Daley wants old Michael Reese site turned into technology park
BY FRAN SPIELMAN City Hall Reporter email@example.com May 11, 2011 4:28PM
Demolition at the Michael Reese Hospital Complex last year. | Scott Stewart~Sun-Times
Updated: August 30, 2011 12:15AM
It could take 20 years to turn the site of the old Michael Reese Hospital into a technology park, but the “once in a generation opportunity” should be pursued for the 25,000 jobs it could create, Mayor Daley was told Wednesday.
Days before leaving office, Daley embraced a report that confirms his revised vision for the site he calls the “last big parcel of land available on the Near South Side.”
“This is Chicago. No one makes little plans,” the mayor said, rephrasing Daniel Burnham.
City Hall bought the 37-acre hospital site for $86 million to make way for an Olympic Village and watched the price rise to $91 million after Chicago’s stunning first-round knock-out in the 2016 Olympic sweepstakes.
The cost of demolishing all but the hospital’s main building — a move that infuriated preservationists — has since pushed the pricetag well over $100 million.
On Wednesday, a panel of experts chaired by Commonwealth Edison CEO Frank Clark concluded that Chicago could get its investment back — and create as many as 25,000 jobs — by converting the land into a combination tech park and thriving residential neighborhood for the creative young people who work for technology companies.
The report cites the parcel’s proximity to “high-bandwidth fiber lines” and three renowned research universities: the Illinois Institute of Technology, the University of Chicago and the University of Illinois at Chicago. Also working in Chicago’s favor is the “rapid growth” of technology start-ups such as Groupon, GrubHub and Cleversafe.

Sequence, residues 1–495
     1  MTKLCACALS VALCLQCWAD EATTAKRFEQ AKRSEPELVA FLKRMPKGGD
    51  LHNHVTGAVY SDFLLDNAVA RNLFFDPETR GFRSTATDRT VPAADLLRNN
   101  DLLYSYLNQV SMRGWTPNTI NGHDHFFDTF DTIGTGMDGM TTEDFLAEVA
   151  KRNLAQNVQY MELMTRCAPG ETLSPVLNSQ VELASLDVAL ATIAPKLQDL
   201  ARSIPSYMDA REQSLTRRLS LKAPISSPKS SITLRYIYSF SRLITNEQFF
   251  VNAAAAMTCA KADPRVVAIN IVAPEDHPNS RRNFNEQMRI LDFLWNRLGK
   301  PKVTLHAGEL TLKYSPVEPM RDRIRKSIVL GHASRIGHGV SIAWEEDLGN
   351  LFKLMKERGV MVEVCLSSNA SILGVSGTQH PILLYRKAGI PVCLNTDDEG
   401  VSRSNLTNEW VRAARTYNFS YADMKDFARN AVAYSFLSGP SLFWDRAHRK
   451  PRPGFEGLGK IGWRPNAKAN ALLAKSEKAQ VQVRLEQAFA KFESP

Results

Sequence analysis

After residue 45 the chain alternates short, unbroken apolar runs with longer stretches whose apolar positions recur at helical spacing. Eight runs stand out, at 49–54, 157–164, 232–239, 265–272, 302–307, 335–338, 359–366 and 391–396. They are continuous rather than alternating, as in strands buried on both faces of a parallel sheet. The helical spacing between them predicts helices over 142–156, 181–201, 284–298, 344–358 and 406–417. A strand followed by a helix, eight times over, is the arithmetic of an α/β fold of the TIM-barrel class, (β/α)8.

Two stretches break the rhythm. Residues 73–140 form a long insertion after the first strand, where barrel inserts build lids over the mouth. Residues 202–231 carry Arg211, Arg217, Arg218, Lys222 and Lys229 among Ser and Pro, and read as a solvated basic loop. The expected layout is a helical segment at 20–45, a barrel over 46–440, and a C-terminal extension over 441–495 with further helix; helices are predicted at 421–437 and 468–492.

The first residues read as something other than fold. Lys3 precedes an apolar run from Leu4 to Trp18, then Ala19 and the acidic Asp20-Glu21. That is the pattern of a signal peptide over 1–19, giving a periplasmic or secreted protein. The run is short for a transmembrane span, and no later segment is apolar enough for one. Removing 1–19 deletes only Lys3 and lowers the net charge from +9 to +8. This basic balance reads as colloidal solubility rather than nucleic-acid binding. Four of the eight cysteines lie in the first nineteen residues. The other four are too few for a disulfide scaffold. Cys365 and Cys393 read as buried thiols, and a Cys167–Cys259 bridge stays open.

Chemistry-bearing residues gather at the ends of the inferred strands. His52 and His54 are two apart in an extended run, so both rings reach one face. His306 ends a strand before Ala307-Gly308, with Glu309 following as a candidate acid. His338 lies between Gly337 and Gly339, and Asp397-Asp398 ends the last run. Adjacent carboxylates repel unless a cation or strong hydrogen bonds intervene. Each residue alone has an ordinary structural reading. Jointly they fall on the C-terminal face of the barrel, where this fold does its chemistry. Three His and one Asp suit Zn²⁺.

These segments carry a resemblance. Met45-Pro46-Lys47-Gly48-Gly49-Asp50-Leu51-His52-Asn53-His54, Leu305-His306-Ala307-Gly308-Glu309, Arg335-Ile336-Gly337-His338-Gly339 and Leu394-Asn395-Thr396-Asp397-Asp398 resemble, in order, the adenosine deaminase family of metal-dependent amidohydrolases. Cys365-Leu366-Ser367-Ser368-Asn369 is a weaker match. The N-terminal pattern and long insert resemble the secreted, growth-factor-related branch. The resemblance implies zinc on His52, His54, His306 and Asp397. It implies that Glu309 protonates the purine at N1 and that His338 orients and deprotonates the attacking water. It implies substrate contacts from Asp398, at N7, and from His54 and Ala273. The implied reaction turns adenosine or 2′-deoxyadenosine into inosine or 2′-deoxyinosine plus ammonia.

But, the panel also cited serious obstacles, including “difficulty securing financing” and anchor tenants because “perception lags reality of Chicago as a technology hub.”
Other problems include: limited access to mass transit; a “lack of basic infrastructure” and “possible environmental issues” at a “relatively small” site that overlooks an ugly truck staging area for McCormick Place. The report includes no cost estimate for, what it hopes will be a public-private partnership.
Daley believes the city can overcome all of those obstacles — and the changing of-the-guard at City Hall — to turn the site into a mecca for jobs and innovation.
The panel is recommending that Mayor-elect Rahm Emanuel pick up the baton by soliciting ideas and design concepts for the park and surrounding neighborhood.
“This is a long term project — perhaps 20 years or more. I hope it’s less. ... Once you get a major tenant — one or two — it changes the whole concept,” Daley said.
Daley then quoted from, what he considers the most important sentence in the report. “While it is not clear what came first — park or culture — most thriving tech parks are located in communities that celebrate entrepreneurship and risk-taking.”
He added, “That is a perfect description of Chicago all through history — always taking a risk. And that is why I firmly believe that we should look at someday building this park.”
Community Development Commissioner Andy Mooney, who will stay on under Emanuel, said he was pleasantly surprised to learn from the report that the number of tech parks around the world has doubled in recent years.
“That tells us that there is a very strong market for the right kind of companies to come into these kind of tech parks,” he said.
“That’s why it takes a long time. … You’re not looking for any kind of development. You’re looking for very specific types of uses. So, you have to be patient in order to get there.”